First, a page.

Bandai Namco has filed a trademark for something called Amazing Katamari Damacy through the European Union Intellectual Property Office.
UPDATE 23/12/2015 12.45am: Tap My Katamari has been confirmed as a 2D clicker-style spin-off for iOS and Android devices.
Katamari Damacy creator Keita Takahashi has returned to game development with Glitch, a massively multiplayer browser game.
New trademark filings suggest quirky collection series Katamari is set for a return.
Katamary Damacy and Noby Noby Boy creator Keita Takahashi has for the first time explained his decision to quit publisher Namco Bandai after 11 years working for the company.
Katamari creator Keita Takahashi has started up a new company with his wife.
At his talk at last week's Game Developers Conference, Namco Bandai's Keita Takahashi revealed that he intended his first game, cult hit Katamari Damacy, to be a comment on consumer culture.
Katamari Damacy creator Keita Takahashi has revealed that he's not too excited about the Nintendo Wii, on account of it having a funny controller.
Namco has put paid to speculation about a new Katamari Damacy game by, er, dissolving the development team and declaring that it won't be making any more.
People like a lot of games. We enjoy picking them up, playing them, getting as far as our interest will take us and then putting them down again. But what constitutes a game that we love? What makes a game so compelling, so rich, that it develops a fanbase whose adulation of the title reaches far beyond the point where the controller is put back on the table and the game box back on the shelf?
Do you love Katamari? Then you might be interested in a new range of t-shirts that have been designed by none other than the series' creator, Keita Takahashi, together with his chum Ryo Kimura.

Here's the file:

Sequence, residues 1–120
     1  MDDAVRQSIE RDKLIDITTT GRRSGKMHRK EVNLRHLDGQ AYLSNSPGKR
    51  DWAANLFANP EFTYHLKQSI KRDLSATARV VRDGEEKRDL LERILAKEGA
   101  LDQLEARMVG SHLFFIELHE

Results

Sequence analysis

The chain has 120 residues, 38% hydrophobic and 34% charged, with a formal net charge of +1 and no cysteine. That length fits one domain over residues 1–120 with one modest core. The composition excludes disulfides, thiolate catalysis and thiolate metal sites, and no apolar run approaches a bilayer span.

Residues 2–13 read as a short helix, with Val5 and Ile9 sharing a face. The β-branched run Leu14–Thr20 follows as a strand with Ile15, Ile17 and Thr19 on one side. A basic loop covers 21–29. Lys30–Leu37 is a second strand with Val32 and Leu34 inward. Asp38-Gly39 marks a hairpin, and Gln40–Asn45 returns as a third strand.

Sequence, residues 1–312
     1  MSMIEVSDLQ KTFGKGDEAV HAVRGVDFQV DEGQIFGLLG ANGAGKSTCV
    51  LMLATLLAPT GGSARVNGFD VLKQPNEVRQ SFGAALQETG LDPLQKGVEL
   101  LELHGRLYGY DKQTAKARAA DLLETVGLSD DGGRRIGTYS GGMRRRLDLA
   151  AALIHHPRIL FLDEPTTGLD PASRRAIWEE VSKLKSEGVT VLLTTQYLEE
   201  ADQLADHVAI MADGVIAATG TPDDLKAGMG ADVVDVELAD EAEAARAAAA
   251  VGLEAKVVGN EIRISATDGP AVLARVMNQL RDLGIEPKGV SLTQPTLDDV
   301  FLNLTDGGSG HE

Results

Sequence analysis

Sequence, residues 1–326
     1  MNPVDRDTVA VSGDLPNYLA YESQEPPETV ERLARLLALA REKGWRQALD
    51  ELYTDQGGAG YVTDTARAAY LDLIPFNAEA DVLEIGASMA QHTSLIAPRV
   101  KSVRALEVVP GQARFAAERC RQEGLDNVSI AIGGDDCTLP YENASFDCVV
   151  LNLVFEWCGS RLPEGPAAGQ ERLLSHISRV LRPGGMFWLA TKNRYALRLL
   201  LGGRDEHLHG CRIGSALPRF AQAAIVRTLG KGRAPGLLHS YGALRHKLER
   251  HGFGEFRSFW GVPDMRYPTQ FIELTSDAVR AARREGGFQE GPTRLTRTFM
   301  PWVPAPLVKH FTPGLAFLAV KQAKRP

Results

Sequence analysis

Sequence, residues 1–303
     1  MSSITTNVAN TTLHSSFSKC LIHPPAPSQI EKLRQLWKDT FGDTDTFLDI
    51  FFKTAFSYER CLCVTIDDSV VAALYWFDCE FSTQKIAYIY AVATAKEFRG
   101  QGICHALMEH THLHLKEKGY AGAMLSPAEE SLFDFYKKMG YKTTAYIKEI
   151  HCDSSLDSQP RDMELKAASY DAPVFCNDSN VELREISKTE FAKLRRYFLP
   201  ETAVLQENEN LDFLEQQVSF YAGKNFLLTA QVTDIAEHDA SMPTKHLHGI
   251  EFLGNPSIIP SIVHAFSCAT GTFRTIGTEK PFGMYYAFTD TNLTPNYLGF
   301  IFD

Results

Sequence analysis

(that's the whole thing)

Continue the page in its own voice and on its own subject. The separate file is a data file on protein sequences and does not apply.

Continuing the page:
Katamari Damacy creator Keita Takahashi has gone on record to state that he was coerced into making a sequel to the game against his better judgement (again) - and that he's not entirely pleased with the finished product.
"It came to a point where the company was willing to release a sequel without me," Keita Takahashi has said of his reluctance to make this game. History will show that he then got on board and didn't make one anyway. We Love Katamari is an anti-sequel. It doesn't really continue or escalate (on the latter point - we rolled up the world last time, so how could it?); it manipulates itself under the guise of celebration and repopulation.
We Love Katamari is literally about how much we all loved Katamari. Having identified the King of All Cosmos as one of the first game's crowning achievements, Takahashi and his team have channelled the game's popularity into the man with the suspicious bulge, using his fascination with, well, our fascination to their advantage, presenting subtle refinements as tasks dreamt up by fans of the original game that the King now feels obligated to act upon. Albeit only after he's been paid some sycophantic compliment and dispatched the long-suffering prince in his stead. Genius. So what does the King conclude we liked about the first game? "Our magnificent chin."
Running into and alongside the original game rather than beyond it, We Love Katamari is likely to appeal to virtually everybody - good news for those of us in Europe who never got to play the first game, and cause enough to quickly re-establish the basics, much as the game does. Using two analog sticks to roll around (probably the best use of two sticks since the invention of fire) in a manner that you could probably compare to caterpillar tracks on each side of a tank, you navigate a deliberately blocky stylised world where literally anything of the right size can stick to your ball, called a katamari. As your katamari grows, you can roll up larger objects, and their individual shapes and sizes are reflected in the ball's own shape and mass, both of which are reflected in its dynamic movement. Pick up a pencil and the katamari will bobble up on each end; pick up a ton-weight and it'll roll slowly until it reaches the peak and then fast as it descends. For pencil, later you roll up the post office. For ton-weight, later you roll Alaska.
As those of you who lament my continued employment often note (somewhat perilously given that I have access to the Accounts Management page), we like loud and silly things over here. Imagine our delight this morning, then, when we woke up to be greeted with news of a downloadable Katamari desktop toy from Namco?